George Holley; Sunderland AFC’s “Shining Star”

George Holley; Sunderland AFC’s “Shining Star”


Sunderland AFC players training at Roker Park circa 1913. Charlie Buchan and goalkeeper George Anderson, back row; Harry Ness, Frank Cuggy and George Holley front row. 

George Holley was born in Seaham Harbour on 25th November, 1885 and according to the 1891 census, George was the youngest of five children to his father, George; a cockney and his Mother, Catherine, a Scotswoman. His father was a fireman at the local bottle works. George’s family lived at 2 Fenwick Row, Dawdon in Seaham Harbour.

He debuted for Seaham Young Villa in 1899 before moving onto Seaham Athletic, then Seaham Villa; playing for Seaham White Star before joining Sunderland in 1904. At the time Sunderland’s leading goalscorer was Alf Common but in February, 1905, Middlesbrough, who were in danger of being relegated from the First Division, purchased him from Sunderland for the record breaking fee of £1,000.

One journalist described the transfer of Common as “flesh and blood for sale”. Another sports writer wrote: “We are tempted to wonder whether Association Football players will eventually rival thoroughbred yearling racehorses in the market.”

The nineteen year old Holley had already been scoring plenty of goals for the reserves and was expected to be an able replacement for Alf Common. Playing at inside-left, Holley soon became the club’s top goalscorer.

Typically Holley scored on his debut for Sunderland in December 1904 away at Sheffield Wednesday after just 10 minutes with a “lightning shot”. Four days later he scored again in his second outing, a 3 v 2 defeat of Preston North End at Roker Park.

In January 1908 Sunderland signed Leigh Roose. He was brought in to replace Teddy Doig who had moved to Liverpool. Holley and Roose became close friends. That season Sunderland finished 3rd in the First Division of the Football League. Local rivals Newcastle United won the title with 53 points; however, Sunderland had the satisfaction of beating Newcastle 9-1 at St. James’ Park in December 1908 with Holley scoring a hat-trick.

Sunderland AFC legend, George Holley
Sunderland AFC legend, George Holley

Holley won his first international cap against Wales on 15th March 1909. Other players in the England team included Bob Crompton and Colin Veitch. His Sunderland team-mate, Leigh Roose, was in goal for Wales but could not stop Holley scoring after 15 minutes. Holley scored five goals in five internationals that season. Surprisingly, he was dropped from the team after failing to score in the first game the following season.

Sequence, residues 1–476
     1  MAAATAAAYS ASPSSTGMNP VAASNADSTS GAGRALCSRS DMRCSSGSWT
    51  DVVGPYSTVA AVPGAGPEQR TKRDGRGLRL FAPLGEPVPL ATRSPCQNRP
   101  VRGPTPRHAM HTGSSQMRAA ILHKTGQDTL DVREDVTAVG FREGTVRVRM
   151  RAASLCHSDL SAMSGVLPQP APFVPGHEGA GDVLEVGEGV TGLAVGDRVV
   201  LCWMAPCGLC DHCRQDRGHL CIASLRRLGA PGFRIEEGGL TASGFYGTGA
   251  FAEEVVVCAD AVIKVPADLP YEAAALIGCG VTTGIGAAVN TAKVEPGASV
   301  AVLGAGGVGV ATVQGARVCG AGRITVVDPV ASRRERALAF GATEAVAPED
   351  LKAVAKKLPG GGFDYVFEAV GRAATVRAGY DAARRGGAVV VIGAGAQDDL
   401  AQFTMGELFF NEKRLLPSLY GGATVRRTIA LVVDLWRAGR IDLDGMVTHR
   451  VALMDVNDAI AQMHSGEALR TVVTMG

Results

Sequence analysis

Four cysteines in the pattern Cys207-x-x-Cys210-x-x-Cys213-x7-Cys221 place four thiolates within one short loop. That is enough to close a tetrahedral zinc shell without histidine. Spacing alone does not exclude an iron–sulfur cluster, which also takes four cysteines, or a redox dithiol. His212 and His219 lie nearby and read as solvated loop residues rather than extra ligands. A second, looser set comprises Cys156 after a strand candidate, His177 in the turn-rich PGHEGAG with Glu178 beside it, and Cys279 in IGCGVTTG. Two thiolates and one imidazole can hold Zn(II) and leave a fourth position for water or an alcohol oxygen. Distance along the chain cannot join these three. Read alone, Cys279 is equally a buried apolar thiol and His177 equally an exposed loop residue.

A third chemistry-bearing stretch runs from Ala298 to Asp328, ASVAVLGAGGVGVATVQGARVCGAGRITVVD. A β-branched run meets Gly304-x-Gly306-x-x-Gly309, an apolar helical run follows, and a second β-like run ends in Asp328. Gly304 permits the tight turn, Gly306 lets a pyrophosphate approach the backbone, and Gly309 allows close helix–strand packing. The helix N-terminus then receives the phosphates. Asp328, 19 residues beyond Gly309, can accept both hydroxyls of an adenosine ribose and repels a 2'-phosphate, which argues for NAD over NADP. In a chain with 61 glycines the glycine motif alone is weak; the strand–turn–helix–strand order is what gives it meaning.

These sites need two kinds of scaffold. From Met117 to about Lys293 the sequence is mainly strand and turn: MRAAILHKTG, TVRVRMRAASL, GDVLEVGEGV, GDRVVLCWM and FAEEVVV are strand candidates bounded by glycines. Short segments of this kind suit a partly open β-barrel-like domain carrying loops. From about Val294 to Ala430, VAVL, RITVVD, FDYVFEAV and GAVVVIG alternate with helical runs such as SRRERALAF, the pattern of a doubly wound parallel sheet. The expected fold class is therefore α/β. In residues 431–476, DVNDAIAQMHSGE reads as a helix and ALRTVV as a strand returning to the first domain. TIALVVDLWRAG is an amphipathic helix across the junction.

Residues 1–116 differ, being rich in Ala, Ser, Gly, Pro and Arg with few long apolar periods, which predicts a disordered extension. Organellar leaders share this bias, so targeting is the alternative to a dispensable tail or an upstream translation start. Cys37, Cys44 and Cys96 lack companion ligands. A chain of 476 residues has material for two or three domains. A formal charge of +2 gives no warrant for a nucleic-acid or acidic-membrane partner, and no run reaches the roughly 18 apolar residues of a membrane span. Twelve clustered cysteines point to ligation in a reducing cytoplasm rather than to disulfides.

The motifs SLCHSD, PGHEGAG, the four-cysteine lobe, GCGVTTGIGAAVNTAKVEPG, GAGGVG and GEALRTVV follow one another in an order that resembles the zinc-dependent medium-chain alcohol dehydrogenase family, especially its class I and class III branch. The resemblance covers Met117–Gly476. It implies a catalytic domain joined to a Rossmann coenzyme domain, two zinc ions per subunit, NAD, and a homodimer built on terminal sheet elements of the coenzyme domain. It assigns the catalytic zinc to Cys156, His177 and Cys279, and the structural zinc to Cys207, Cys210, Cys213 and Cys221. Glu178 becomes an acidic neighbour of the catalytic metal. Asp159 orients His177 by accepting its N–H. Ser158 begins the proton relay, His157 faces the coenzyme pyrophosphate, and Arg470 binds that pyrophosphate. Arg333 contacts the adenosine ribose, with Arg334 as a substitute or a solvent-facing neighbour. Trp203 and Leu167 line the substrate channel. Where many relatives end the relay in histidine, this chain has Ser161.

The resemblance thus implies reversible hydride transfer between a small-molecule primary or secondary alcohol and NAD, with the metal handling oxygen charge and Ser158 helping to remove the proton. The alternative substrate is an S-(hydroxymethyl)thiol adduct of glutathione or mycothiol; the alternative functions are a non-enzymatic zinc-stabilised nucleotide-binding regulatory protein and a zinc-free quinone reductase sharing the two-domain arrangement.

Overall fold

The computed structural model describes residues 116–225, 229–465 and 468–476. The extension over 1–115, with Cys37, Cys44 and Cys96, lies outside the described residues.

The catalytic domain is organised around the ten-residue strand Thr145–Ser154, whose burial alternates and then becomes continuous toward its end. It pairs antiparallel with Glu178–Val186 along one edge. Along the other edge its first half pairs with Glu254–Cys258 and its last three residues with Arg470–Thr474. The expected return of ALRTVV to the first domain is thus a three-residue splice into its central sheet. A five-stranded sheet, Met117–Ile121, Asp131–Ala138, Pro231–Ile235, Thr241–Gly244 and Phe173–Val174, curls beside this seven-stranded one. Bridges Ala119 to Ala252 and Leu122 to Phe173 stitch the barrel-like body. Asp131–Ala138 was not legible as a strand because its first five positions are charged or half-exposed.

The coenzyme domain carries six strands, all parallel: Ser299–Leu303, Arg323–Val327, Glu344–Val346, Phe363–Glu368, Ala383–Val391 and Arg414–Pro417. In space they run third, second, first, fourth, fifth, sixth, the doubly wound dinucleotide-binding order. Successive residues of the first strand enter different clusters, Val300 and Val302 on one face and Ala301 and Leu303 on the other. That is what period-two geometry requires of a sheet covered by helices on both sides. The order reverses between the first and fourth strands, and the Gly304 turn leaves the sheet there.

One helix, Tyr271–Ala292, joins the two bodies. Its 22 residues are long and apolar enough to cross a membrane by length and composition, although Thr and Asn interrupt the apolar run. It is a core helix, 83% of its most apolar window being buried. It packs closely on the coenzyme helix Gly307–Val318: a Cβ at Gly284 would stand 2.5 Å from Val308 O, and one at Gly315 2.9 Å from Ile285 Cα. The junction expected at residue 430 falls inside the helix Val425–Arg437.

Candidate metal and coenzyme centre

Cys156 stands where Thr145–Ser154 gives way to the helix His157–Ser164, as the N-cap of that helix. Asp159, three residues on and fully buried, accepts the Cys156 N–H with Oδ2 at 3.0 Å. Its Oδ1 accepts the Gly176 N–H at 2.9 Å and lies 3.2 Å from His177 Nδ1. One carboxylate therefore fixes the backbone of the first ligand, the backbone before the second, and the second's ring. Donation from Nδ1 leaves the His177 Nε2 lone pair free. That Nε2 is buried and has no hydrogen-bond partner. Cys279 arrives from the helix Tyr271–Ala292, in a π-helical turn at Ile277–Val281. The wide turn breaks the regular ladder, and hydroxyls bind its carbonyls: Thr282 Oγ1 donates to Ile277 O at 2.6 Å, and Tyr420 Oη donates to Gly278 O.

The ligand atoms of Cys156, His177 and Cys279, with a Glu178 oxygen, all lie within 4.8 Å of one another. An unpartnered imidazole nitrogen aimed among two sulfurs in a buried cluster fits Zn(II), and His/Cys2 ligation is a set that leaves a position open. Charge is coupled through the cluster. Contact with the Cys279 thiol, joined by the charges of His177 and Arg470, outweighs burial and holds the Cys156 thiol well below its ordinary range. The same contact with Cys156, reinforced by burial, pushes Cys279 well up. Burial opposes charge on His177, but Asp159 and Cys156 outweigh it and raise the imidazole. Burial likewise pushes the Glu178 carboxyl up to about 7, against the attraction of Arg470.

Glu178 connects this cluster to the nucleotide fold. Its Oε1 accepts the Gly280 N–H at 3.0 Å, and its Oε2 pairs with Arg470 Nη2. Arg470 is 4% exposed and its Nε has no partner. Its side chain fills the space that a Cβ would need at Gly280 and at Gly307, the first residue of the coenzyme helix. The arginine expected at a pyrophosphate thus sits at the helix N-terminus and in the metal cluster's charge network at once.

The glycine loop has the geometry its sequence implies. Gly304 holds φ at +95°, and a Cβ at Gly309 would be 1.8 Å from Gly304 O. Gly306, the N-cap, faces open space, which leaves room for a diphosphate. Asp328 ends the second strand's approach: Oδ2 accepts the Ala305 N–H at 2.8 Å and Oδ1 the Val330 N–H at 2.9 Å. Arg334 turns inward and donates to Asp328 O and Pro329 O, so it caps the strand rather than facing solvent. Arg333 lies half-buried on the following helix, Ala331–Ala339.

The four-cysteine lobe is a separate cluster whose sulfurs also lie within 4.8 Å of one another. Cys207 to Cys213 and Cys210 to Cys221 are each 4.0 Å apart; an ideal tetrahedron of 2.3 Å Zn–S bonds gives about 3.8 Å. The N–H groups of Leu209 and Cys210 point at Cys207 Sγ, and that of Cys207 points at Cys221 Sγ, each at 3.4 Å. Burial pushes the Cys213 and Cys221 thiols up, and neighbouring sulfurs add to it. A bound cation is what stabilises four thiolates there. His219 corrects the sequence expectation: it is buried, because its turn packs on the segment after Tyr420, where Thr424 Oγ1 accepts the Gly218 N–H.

All in all Holley made 10 international appearances and toured South Africa in 1910. He also represented The Football League, The North, an England XI v a Scottish XI in 1918 and played for the Professionals against The Amateurs in the 1913/14 Charity Shield. In the latter game, played at The Den, home of Millwall, the professionals won 7 v 2 with Holley scoring twice.

Holley continued to score plenty of goals for Sunderland and ended up as the First Division joint leading top scorer in the 1911-12 season with 25 goals. He also won back his place in the England team and scored in all three games he played in the 1912 Home Nations Championship.

Sunderland won the Football League First Division championship in the 1912-13 season. Holley’s goals made an important contribution but unfortunately he was not fully fit in the FA Cup Final that season when the team lost 1-0 to Aston Villa.

WW1 of course interrupted Holley’s career on Wearside, although he did play football during this period for South Shields.

Holley made his last Sunderland appearance on 31 August 1918, a National War Fund game against Newcastle United at St James Park. Typically he signed off his Wearside career with two goals in a 4 v 0 win.

In June 1919 Holley left Wearside and finished his professional playing career with Brighton and Hove Albion, The Seagulls signing George for the sum of £200 in July 1919.

Holley had previously worked as a plater at Messrs. Dickinson’s Engine Works in Sunderland and he became a very experienced coach/trainer, after he hung up his boots.